|This biography from the Archives of AskART:|
|A prominent landscape painter of late 19th and early 20th-century California, Elmer Wachtel specialized in panoramic desert and mountain landscapes using impressionist brushstrokes. His early works were tonalist in mood, and his later paintings were more decorative and light hearted.|
He was born in Baltimore, Maryland, and raised in Lanark, Illinois where he worked on a farm. In 1882, he moved to San Gabriel, California to join his rancher-brother who, married to the sister of artist Guy Rose, managed the extensive Rose ranch. Wachtel taught himself to play the violin, and then, while working as a furniture store clerk, became first violinist of the Los Angeles Philharmonic Orchestra.
He began sketching still lifes and saved enough money to study briefly at the Art Students League in New York with William Merritt Chase. However, he did not like the teaching methods, so he showed his work, much of it city street scenes, privately to Chase. He then went to London and enrolled at the Lambeth School.
Returning to California, he combined his music with giving art lessons by setting up a studio in the back of his parent's home on Griffin Avenue in Los Angeles. In 1904, he married a student, Marion Kavanaugh, referred to Elmer by William Keith, and they first had a studio on Sichel Street and later in the Arroyo Seco of Pasadena.
But they spent most of the twenty-five years of their marriage traveling around Southern California and the Southwest in a specially artist-equipped motor car.
In Arizona, they painted Hopi Reservation scenes and desert landscapes, and they also painted in New Mexico. Elmer died suddenly in Guadalajara, Mexico on a sketching trip. He was a co-founder of the Los Angeles Art Association, and his works are held at the Laguna Museum of Art.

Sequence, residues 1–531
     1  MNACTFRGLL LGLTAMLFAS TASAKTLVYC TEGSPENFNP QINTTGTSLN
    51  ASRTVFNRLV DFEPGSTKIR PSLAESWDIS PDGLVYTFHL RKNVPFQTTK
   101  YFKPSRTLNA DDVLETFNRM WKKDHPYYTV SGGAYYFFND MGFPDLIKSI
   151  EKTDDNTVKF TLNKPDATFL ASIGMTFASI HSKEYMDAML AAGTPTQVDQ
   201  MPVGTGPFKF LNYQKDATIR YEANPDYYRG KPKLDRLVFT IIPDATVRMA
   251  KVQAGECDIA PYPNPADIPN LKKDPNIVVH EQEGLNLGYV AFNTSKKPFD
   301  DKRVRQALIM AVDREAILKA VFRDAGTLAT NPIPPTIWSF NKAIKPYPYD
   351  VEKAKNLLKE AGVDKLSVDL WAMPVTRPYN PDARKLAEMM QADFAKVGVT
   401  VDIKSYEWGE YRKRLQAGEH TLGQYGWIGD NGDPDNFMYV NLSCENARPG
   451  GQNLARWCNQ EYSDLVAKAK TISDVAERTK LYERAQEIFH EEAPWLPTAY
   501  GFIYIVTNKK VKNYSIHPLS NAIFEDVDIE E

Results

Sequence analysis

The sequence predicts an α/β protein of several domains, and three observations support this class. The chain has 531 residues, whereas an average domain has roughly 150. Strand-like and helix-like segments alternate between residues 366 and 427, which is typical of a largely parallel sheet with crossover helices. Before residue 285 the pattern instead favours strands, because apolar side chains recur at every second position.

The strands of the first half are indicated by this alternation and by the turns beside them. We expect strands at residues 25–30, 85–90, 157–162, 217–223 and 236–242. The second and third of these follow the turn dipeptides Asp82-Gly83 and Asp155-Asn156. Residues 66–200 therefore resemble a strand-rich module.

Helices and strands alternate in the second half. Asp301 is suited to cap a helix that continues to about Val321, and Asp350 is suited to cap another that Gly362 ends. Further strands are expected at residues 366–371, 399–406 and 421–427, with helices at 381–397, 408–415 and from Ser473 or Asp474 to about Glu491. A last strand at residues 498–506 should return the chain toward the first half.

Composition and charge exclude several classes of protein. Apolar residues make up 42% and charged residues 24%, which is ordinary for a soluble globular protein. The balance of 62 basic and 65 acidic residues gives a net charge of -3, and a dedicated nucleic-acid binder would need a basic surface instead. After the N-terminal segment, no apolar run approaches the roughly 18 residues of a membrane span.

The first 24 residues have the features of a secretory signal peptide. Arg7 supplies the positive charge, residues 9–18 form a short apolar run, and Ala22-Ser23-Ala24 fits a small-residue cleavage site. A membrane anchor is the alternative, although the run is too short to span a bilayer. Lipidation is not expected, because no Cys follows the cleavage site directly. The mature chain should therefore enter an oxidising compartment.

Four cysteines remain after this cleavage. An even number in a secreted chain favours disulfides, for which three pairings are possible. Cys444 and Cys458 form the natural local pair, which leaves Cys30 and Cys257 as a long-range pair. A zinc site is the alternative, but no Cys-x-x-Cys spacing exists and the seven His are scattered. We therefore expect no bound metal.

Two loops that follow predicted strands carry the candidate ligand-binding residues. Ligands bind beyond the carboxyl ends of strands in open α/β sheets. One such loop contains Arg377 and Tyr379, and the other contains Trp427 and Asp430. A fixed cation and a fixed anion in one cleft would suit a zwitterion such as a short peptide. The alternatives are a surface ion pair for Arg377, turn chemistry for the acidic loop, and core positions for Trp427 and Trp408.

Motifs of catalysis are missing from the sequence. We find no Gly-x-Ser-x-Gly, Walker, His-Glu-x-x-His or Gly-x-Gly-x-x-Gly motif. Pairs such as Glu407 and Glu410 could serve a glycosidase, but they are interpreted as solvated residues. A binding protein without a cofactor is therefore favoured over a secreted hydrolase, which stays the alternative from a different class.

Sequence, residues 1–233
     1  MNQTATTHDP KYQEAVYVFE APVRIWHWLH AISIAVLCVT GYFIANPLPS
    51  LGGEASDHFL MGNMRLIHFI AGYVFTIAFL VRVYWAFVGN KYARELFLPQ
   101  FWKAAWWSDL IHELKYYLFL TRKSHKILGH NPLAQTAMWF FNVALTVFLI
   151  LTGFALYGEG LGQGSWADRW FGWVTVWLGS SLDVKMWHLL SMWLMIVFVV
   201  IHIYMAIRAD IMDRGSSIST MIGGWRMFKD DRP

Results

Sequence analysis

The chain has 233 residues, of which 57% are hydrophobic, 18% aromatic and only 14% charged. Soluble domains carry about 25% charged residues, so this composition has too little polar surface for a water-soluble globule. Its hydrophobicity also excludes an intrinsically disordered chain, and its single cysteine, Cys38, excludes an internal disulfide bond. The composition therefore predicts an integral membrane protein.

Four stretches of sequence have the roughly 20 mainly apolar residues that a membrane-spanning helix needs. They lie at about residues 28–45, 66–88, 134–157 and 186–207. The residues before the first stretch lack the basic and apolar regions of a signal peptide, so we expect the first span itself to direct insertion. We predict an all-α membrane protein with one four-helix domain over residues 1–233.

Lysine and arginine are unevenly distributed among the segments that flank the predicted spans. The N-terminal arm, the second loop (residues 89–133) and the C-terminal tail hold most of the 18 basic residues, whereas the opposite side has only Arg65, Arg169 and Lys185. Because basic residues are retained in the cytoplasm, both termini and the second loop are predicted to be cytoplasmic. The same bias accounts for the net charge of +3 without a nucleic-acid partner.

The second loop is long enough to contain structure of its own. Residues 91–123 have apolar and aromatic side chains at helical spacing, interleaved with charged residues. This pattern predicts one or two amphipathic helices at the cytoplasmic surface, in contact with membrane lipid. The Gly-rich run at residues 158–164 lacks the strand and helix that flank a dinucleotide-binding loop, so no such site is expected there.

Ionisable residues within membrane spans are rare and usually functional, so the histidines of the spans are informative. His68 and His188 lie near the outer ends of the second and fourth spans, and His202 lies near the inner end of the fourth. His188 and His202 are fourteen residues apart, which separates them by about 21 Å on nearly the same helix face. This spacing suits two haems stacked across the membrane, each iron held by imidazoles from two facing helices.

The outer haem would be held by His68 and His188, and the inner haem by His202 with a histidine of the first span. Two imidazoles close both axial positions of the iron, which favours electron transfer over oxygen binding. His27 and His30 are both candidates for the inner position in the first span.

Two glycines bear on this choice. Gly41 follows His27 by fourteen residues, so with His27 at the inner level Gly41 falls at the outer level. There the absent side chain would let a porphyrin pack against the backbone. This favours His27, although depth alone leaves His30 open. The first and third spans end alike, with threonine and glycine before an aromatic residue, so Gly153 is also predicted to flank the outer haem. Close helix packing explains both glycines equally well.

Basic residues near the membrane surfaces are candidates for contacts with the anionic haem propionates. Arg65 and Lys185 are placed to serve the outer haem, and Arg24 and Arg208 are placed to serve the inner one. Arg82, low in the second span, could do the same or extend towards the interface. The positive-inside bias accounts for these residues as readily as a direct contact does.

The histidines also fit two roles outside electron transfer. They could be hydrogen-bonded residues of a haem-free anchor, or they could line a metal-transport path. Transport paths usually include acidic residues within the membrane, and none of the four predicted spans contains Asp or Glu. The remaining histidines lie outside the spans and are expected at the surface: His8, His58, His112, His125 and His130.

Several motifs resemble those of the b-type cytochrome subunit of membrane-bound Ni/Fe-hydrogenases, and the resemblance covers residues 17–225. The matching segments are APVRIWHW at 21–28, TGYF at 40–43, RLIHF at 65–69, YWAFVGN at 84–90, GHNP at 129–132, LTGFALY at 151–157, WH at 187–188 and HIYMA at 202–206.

Edan Hughes, Artists in California, 1786-1940
|This biography from the Archives of AskART:|
Wachtel was one of the first professional artists to live in Los
Angeles, arriving in 1882, three years before the completion of the
Santa Fe Railroad's Chicago route which would precipitate the first
great Los Angeles land boom. To supplement his meager income from
painting. Wachtel also played violin in various orchestras.|
about 1894, Wachtel moved to New York and briefly studied at the Art
Students League with William Merritt Chase. He returned to California
in 1896, staying with William Keith in San Francisco before coming home
to Los Angeles. In 1903, he met Marion Kavanagh, a young artist who had
been studying with Keith, and married her the next year. Together they
spent more than twenty-five years travelling and painting together.
1929, Elmer Wachtel died while on a painting trip in Guadalajara,
Wachtel's style evolved from a traditional approach, based on
the works of the French Barbizon painters, such as Diaz de la Pena and